Baroness James, making a rare visitation to a blighted metropolitan zone, downriver of Tower Bridge, has written a very useful book, a book on which I will be happy to draw for years to come. That was back in 1972. Title? The Maul and the Pear Tree; co-authored by T.A. Critchley of the Police Department at the Home Office, where James then earned her crust as a Principal in the Criminal Policy Department. She had previously produced four well-received mysteries and this was her first work of non-fiction (apart, presumably, from interdepartmental memos, annual reports and the like). The Maul and the Pear Tree was a spirited, effectively researched account of the infamous Ratcliffe Highway Murders of 1811; an account which offered, as an additional benefit, when the compulsory gloating over the crimes was accomplished, a persuasive sketch of the districts of Shadwell and Wapping in their maritime pomp - brothels, grog shops, provisioners, the bustle and fret of a crowd in perpetual motion, oysters at midnight, and all of it 'bounded to the south by London's dark blood stream, the Thames'. The book (a modest 234 pages) was anecdotal, speculative, inhabited. There was something going on. The past blistered seductively like the golden skin on a good Welsh rarebit. The project was a live one, working hard, after paying its respects, to defuse the purple excesses of Thomas De Quincey's On Murder Considered as one of the Fine Arts. This is P.D. James at her best; the fastidious dabbling in horror, the forensic eye finding order in chaos. Now, 22 years later, with the oven-ready blockbuster, Original Sin, she returns to cover the waterfront, and the question has to be - what went wrong?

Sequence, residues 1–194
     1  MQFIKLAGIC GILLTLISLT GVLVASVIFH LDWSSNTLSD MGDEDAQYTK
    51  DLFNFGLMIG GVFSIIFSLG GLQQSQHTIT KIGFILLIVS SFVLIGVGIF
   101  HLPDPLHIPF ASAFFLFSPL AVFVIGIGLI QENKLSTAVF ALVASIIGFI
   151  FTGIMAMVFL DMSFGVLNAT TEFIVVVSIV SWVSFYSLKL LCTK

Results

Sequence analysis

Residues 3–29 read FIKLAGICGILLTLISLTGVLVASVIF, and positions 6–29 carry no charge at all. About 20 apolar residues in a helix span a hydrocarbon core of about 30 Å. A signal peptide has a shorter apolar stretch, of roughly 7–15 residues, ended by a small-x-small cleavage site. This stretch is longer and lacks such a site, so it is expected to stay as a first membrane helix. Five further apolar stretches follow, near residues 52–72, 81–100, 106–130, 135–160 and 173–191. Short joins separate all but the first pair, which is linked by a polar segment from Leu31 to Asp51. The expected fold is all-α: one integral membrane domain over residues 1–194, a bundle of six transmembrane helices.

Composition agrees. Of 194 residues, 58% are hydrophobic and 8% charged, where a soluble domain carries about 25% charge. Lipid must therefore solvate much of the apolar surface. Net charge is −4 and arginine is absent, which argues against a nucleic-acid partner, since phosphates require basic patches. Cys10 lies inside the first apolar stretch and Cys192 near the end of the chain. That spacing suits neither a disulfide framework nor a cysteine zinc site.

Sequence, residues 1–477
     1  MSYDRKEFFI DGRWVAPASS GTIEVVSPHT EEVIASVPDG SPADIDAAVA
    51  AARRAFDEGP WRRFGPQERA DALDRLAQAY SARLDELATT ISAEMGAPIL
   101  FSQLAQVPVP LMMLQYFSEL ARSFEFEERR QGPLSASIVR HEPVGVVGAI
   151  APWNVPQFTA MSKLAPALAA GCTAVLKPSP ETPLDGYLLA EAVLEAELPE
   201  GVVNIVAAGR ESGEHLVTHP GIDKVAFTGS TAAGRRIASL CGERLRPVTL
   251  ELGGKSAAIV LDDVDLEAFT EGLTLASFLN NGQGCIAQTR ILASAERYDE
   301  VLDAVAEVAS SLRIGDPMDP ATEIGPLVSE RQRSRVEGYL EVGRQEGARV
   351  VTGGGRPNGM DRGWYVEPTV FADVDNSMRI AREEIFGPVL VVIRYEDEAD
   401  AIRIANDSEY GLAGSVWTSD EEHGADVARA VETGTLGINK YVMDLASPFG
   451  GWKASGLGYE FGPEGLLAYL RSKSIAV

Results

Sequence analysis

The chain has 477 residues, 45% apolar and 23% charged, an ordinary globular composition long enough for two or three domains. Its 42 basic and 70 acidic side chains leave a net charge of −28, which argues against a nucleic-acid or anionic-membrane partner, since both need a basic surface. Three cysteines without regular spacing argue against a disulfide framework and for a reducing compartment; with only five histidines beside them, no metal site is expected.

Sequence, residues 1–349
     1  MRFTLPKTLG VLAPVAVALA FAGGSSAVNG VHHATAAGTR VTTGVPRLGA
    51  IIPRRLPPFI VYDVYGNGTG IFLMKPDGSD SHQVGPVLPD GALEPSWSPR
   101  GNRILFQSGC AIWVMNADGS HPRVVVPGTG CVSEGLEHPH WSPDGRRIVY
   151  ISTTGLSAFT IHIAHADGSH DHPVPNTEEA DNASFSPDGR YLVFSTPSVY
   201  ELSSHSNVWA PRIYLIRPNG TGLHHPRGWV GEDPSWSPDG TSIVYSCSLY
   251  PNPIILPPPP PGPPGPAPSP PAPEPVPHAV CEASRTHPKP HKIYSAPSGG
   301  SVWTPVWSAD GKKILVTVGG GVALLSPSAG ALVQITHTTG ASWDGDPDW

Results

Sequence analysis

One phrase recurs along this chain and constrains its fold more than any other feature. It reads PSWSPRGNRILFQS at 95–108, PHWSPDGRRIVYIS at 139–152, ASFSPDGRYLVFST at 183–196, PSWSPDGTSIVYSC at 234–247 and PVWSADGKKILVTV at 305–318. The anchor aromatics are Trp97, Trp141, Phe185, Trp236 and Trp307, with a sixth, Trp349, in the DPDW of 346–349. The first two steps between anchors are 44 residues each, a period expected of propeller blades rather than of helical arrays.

LRB 22 December 1994 | PDF Download